Baby campaign bearing fruit in South Korean county

It has family-friendly policies and a comprehensive support package that includes services and cash benefits

When she was in her 20s, Ms Moon Ji Hee, like many friends her age, left her small seaside hometown and moved to a bigger city to find a job.

But the primary school teacher returned after marriage in 2013, knowing that there is no better place than home to start a family.

It was not just her parents whom she could count on for help when the kids came along, but also the county itself.

Located at the south-western tip of the Korean peninsula, Haenam started introducing pro-family policies from 2008 and has since managed to achieve the seemingly impossible mission of encouraging its residents to have more babies.

Haenam, which means "ocean's south" in Korean, is the only county in South Korea with a birth rate of 2.4 children per woman, almost double last year's national figure of 1.24 and the highest in the country.

More than 800 babies are born here each year - much to the delight of public health officials who have spent the last eight years formulating policies to boost population growth. They were driven to act after a drastic drop in numbers, from almost 250,000 in 1976 to around 80,000 in 2008.

"We had to act because we were losing too many people. It was a crisis situation," Haenam mayor Park Cheol Hwan told The Straits Times.

Public Health Centre (PHC) officials, led by director Kim Chung Jae, formed a special team to address the problem. They started offering cash benefits - 3 million won (S$3,470) for the first child, 3.5 million won for the second, 6 million won for the third, and 7.2 million won for the fourth and above - paid over 18 months. This is on top of the national childcare benefit of 200,000 won a month.

They started a 10 billion won fund to provide scholarships for all students from secondary school to university. They provided naming and babysitting services for free, and delivered gifts including 1kg of raw beef and baby clothes to every new mother. Korean women eat miyeokguk, or beef seaweed soup, to nourish their bodies after childbirth.

Public Health Centre director Kim Chung Jae (centre) with his team of public health officials whose core responsibility is to boost birth rates in Haenam county. Primary school teacher Moon Ji Hee with her son, her second child, who was born last mon
Birth notices in a newspaper, sponsored by Haenam county. ST PHOTO: CHANG MAY CHOON 

They are also bringing back childbirth-related services stopped years ago due to a lack of demand. They opened a public postnatal centre last September, the second in the country, and will recruit two obstetricians for the county's general hospital so mums can deliver there instead of in bigger cities nearby.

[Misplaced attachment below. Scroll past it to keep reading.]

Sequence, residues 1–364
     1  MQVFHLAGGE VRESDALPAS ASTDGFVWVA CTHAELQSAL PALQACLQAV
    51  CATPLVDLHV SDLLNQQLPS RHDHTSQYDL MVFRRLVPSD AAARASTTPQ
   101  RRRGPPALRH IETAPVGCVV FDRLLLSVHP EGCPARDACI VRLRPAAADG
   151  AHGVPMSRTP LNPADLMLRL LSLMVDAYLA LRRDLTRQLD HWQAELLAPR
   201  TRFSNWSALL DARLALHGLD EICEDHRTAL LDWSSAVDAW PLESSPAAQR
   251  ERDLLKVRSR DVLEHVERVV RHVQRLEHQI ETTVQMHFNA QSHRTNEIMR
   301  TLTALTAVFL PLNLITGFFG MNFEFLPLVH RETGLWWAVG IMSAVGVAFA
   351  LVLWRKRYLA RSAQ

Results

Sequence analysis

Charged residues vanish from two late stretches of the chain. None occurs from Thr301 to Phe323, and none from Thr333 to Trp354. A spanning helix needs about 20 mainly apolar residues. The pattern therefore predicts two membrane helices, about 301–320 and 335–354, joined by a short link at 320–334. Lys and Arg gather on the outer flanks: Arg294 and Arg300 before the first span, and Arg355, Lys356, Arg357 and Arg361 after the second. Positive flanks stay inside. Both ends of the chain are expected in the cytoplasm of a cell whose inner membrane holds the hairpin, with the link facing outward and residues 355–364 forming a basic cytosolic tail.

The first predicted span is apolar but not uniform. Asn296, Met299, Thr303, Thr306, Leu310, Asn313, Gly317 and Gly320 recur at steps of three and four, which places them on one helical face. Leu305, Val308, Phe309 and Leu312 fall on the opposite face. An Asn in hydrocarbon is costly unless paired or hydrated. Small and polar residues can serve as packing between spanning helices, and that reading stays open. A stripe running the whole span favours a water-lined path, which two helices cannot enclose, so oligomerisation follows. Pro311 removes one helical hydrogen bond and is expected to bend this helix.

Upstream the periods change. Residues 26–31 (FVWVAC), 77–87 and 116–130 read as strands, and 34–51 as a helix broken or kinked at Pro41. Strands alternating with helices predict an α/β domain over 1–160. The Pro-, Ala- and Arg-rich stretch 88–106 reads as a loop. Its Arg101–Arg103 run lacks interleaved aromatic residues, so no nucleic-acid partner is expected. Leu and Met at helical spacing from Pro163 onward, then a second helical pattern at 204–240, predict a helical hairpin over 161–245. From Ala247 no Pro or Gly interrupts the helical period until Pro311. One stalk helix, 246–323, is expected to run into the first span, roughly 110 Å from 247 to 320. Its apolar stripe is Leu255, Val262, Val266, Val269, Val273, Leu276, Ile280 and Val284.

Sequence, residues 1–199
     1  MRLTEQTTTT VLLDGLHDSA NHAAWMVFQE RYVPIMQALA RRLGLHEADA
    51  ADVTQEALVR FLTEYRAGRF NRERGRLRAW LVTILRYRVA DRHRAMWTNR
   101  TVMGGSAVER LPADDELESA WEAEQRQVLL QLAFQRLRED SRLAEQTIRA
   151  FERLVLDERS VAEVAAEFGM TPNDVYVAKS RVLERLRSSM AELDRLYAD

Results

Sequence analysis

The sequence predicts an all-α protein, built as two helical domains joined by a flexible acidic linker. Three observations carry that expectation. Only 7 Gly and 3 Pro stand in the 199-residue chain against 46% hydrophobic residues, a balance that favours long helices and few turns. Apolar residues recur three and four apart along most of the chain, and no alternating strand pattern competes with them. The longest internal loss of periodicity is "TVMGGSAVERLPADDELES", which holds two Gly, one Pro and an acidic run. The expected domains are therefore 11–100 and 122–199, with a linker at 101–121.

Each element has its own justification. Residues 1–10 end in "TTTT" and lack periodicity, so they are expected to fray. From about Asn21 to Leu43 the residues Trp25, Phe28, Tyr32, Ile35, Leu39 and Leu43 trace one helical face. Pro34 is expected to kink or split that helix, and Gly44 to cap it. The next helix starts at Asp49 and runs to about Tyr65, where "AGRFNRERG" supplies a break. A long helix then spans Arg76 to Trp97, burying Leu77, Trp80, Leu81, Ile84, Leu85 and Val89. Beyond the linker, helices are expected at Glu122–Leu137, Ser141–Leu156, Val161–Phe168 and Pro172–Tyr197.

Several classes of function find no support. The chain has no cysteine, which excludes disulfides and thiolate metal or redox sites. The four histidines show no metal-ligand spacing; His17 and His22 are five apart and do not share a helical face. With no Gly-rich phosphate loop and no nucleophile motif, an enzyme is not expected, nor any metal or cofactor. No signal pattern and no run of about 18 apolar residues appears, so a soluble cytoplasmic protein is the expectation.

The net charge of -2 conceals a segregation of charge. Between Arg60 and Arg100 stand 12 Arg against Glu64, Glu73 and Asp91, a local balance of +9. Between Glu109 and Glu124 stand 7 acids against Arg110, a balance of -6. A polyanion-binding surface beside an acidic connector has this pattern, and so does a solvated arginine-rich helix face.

Their efforts seem to have paid off, evident in the increasing number of babies born each year, from 496 in 2009 to 811 last year. The county's population is 76,000 and falling at a slower rate now.

A total of 438,700 babies were born in South Korea last year, raising the fertility rate slightly to 1.24 from the previous year's 1.21.

Spurred by this growth, the government has announced a five-year proposal to further raise the birth rate to 1.5 by 2020, with a 200 trillion won commitment in about 200 projects. This includes making housing more affordable for newlyweds, such as building more rental homes and raising loan limits.

South Korea's low fertility rate has been a source of worry in a country faced with rapid ageing, delayed marriage and high youth unemployment amid a sluggish economy. A 2014 study predicted that South Korea could face natural extinction by the year 2750 if birth rates remained unchanged.

Birth control policies imposed in the 1970s and 1980s to curb excessive population growth to achieve economic growth and modernisation, worked so well that fertility rates fell below the replacement level of 2.1 from the mid-1980s.

Singapore, which implemented a similar "Stop at Two" birth control policy around the same time, is also facing a low fertility rate of below 1.4 that the authorities are now trying to raise with incentives.

Haenam's PHC director Kim remembers the old days of going to villages to spread the birth control message and convince residents to go for surgical sterilisation. Each civil servant had a target of encouraging 60 such surgeries a year and "we hit the target 100 per cent", he said with a laugh.

  • Stunning views and dinosaurs

  • What do dinosaurs, land's end and a naval admiral have in common?

    They are all linked to Haenam, a small seaside county on the south-western tip of the Korean Peninsula.

    Home to about 76,000 people, Haenam is a small farming and fishing village in the Jeolla province.

    There are no cinemas or shopping malls here. But the county is blessed with bountiful mountain scenery and a beach that marks the end of the land, or ttangkkeut in Korean.